In the News

Big in Japan: Academics return to Marx to seek answers to today's problems

Craig Gelling

15th September 2022

Kohei Saito’s book Capital in the Anthropocene has become an unlikely hit among young people and is about to be translated into English

Culturally, Japan has often been seen as the poster child for capitalism, particularly when examining post-War development of nations. With a consumerist culture and a work ethic that would make most protestants blush, Japan’s economic growth in the period following World War Two was held up as an example of how capitalism can bring about development, particularly in comparison to other nations in the region that adopted socialist and communist methods of development.

However, with the climate crisis highlighting the dangers of capitalism, Japan’s concerned citizens have turned to an unlikely source of inspiration – Karl Marx. Inspired by Marx’s writings on sustainability and the environment, Kohei Saito, a left-wing academic and associate professor at Tokyo University has sold over half a million copies of his book Capital in the Anthropocene – a remarkable feat for any academic text, let alone one so diametrically opposed to Japan’s cultural values.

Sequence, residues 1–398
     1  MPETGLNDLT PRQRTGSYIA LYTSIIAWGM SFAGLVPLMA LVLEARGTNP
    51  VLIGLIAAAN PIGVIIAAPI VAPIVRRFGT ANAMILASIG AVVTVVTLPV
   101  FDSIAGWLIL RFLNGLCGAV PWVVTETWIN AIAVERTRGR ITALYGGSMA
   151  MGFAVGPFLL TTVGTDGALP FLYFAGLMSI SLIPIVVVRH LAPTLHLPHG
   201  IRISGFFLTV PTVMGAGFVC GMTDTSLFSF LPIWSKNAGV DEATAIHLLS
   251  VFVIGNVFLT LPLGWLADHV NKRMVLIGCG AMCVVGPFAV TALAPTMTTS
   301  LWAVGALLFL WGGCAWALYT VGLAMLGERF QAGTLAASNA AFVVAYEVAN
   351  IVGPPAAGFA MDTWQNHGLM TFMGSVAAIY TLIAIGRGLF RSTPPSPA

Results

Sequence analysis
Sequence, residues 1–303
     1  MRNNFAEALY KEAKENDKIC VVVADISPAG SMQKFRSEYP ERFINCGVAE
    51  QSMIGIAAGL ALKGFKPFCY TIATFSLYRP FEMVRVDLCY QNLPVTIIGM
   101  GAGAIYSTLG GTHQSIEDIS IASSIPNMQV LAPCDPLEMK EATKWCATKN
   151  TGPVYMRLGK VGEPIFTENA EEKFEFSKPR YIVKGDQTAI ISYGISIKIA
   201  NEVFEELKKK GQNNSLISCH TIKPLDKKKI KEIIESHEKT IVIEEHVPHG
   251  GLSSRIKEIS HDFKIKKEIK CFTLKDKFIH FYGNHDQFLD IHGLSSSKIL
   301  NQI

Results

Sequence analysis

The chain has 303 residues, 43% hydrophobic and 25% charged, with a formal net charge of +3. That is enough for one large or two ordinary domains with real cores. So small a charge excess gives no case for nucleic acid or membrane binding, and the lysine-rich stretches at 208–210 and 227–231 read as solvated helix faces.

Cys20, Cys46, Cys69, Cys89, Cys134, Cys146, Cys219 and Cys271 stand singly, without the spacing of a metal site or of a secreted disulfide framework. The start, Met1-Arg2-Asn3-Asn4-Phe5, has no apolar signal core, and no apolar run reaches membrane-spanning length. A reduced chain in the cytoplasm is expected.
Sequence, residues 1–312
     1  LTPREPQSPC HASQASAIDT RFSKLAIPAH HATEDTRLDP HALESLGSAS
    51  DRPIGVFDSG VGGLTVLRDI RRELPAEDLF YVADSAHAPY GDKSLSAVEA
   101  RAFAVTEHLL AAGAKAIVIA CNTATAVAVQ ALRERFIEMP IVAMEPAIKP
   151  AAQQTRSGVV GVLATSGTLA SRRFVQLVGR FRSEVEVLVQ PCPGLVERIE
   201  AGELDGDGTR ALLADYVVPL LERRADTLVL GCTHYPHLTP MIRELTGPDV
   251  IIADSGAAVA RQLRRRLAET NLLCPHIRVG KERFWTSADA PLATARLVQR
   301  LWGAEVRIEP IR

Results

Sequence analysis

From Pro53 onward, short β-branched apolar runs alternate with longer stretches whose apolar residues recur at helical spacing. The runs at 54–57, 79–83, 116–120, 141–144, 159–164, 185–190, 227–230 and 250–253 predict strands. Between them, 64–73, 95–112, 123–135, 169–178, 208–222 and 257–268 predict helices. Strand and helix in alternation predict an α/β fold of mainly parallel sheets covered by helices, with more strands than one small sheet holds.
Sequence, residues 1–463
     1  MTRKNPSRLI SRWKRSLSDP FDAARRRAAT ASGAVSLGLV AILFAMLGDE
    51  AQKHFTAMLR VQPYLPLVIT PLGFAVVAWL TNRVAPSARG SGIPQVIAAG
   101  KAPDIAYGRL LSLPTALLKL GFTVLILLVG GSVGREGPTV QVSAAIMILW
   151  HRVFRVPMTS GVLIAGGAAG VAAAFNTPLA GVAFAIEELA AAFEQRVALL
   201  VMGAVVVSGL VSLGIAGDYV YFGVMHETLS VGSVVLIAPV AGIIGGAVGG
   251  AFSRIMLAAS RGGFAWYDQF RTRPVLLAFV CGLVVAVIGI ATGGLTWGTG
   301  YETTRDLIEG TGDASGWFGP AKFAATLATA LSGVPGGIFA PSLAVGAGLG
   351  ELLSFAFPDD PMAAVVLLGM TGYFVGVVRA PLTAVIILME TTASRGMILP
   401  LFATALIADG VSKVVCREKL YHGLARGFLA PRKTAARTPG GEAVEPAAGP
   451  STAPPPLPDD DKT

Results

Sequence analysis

Saito proposes solutions to the climate crisis and the impacts on individuals’ well-being caused by late-capitalist society. Arguing that there needs to be a period of de-growth, legislation against disposable capitalism (e.g. fast fashion) and shorter working weeks.

Published in 2020, Saito’s text will soon be translated into English. You can read more about his book in this article from the Guardian.

Craig Gelling

Craig is an experienced Sociology teacher and examiner and is known as The Sociology Guy on social media. Craig helps design and deliver tutor2u Sociology CPD courses and student exam workshops.

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